Friday, October 5, 2012

Habichuelas (Stewed Beans)

You may have to poke around in the ethnic aisle of your grocery store for some of the ingredients. This recipe will feed about 12 people as a side dish or 6 people as a main dish. 

3 tablespoons olive oil
1 lb. of smoked cubed ham
1 cooking green pepper (this is not hot), diced small (these are the long light green ones, not bell peppers)
1 large finely diced onion
4 finely chopped garlic cloves
2 cans (16 oz cans) pinto beans boiled in water and salt. The can label should say some kind of liquid with beans are in. Just be careful not to get the ones cooked in tomato sauce or "ready to eat".
2 ham or chicken broth bouillon cubes, diluted in 1 cup water
1 cup tomato sauce
½ teaspoon dry oregano leaves
2 medium cubed potatoes
1 small cubed pumpkin
1 zucchini cubed squash

Using a deep stock pot, heat the oil over a medium heat and sauté the onions for 5 minutes.  Add ham, and cook until it starts to get a light golden color on some of it. Add the garlic; stir in and heat for 1 minute.  Add the diced green peppers. Stir frequently to avoid burning. This process should take 5 minutes.  Add the beans with their liquid, the diluted broth (you could use your own homemade chicken broth if you like), the tomato sauce, and the oregano. Stir to mix. Let it boil at medium heat for 5 minutes.

Add the cubed potatoes, zucchini, and pumpkin. Lower the heat to low and do not cover.  Let it simmer until the potatoes, zucchini and pumpkin are tender and the sauce thickens (about 45 to 60 minutes). If you add the potatoes and pumpkin there is not enough liquid, add water little by little until there is enough to cover everything. If the sauce does not thicken enough, simmer longer (or if you are in a hurry, mash 2 or 3 extra pieces of the potatoes or pumpkin and add to the pot).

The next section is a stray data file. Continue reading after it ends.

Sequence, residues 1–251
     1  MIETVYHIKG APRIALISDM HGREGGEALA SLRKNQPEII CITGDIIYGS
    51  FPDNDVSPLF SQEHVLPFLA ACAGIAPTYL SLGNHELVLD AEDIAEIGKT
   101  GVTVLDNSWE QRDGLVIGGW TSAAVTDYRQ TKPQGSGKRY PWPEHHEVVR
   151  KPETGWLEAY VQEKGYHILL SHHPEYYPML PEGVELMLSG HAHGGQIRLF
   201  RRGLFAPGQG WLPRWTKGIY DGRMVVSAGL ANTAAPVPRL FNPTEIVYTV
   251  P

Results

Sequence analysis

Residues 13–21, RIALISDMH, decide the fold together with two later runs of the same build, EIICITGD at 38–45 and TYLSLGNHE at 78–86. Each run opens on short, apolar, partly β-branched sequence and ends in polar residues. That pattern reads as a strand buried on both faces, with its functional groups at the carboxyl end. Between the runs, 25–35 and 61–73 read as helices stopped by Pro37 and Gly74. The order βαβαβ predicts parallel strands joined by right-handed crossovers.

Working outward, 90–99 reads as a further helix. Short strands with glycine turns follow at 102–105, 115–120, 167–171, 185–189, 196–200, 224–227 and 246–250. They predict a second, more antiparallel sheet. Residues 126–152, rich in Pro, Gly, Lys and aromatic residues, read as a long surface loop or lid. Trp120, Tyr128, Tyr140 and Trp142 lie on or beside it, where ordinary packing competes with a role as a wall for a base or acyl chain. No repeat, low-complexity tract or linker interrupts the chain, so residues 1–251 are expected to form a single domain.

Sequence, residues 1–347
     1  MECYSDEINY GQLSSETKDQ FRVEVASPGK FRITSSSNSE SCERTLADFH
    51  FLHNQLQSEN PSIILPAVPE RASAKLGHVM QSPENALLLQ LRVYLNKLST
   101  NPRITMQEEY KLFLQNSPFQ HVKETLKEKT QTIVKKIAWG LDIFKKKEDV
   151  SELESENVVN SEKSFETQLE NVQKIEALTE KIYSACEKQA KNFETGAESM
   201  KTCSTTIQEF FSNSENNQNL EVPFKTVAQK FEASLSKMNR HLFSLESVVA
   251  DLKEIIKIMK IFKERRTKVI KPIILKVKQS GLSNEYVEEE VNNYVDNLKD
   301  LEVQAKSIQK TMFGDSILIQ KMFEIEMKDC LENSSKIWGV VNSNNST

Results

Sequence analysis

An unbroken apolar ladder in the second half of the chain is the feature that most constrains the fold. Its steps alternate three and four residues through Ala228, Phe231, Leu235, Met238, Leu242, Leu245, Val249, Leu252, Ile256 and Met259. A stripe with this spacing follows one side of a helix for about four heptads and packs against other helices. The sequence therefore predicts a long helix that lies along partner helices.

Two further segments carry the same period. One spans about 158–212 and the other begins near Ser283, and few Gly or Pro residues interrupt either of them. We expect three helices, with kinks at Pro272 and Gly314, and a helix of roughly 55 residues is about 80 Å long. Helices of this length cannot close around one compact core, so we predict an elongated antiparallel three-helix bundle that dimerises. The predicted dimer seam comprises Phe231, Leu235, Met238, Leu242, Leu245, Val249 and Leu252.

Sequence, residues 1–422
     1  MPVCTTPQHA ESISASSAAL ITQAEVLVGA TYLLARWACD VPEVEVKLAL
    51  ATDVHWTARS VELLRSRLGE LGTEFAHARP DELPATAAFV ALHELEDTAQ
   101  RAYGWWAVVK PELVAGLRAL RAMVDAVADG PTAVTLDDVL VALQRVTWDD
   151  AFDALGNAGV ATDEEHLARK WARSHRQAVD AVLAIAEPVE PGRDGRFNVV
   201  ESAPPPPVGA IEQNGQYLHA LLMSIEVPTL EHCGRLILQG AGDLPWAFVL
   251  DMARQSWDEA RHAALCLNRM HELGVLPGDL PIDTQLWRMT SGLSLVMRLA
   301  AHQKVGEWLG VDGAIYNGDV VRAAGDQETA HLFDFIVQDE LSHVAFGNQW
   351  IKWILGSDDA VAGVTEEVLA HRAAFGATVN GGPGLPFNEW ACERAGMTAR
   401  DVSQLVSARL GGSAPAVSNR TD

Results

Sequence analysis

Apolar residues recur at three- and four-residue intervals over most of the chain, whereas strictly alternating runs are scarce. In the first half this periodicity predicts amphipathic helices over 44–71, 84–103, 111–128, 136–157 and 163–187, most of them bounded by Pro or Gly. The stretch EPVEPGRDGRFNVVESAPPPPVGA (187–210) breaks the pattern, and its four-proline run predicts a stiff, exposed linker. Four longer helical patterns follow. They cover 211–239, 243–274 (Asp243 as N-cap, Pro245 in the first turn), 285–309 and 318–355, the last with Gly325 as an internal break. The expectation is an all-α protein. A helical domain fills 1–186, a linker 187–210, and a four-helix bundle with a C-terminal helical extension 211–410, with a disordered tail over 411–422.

Correct the seasoning. You can add salt and ground black pepper as needed.  If it tastes a little acidy, add ½ teaspoon of sugar.

Serve over white rice.

Puerto Rican White Rice

My son Eddie grew up on this and loves rice.  We have eaten a lot of rice over the years.  It replaced the Iowa meat and potato diet I grew up on.  My secret is a good rice pan.  It was also Aunt Epi’s secret.  She taught me how to cook many Puerto Rican dishes.  She passed many years ago, but I can't make rice without thinking of her and thanking her.

I like to use a basmati rice. Aunt Eip did not teach me that.  That is my own touch.  It is a Indian rice, but I just love the aroma and flavor. I've passed that onto Eddie.  It has a more nutty flavor and the smell it brings to the kitchen is amazing.  It is a little pricey because it is aged, so you may want to just use a long grained rice to make it an authentic Puerto Rican rice.  If you are a member of Sam's Club, you can get a large burlap bag for a great price.  We eat a lot of rice, so this is how we save.  I know Eddie's family goes through many bags a year.

Olive oil
2 cups long grain rice
1 tsp. garlic powder
1 tsp. kosher salt
1/2 tsp. pepper
3 cups water

In a good pan that has a good lid that fits tight, cover the bottom of the pan with olive oil.  Heat the pan and pour in 2 cup of rice.  Use a long grain rice.  Add 1 tsp. of salt and 1/2 tsp. of pepper and 1 tsp. of garlic powder. When the rice begins to turn whiter (do not let it turn brown), pour in 3 cups of water and bring to a good boil.  Turn down the heat to low and cover the pan with the lid.  Do not lift the lid for at least 30 minutes.

In the Puerto Rican culture, you always fix more than your family can eat at one sitting.  Ed said that should unexpected guests come, you always had enough to ask them to join you.  If not, you will always have left overs.   It is a nice way of thinking.  The above recipe will feed unexpected guest also.

Hope you enjoy.  I really enjoy cooking different cultures in addition to my homemade country recipes.

Be happy and may God bless you and yours.  

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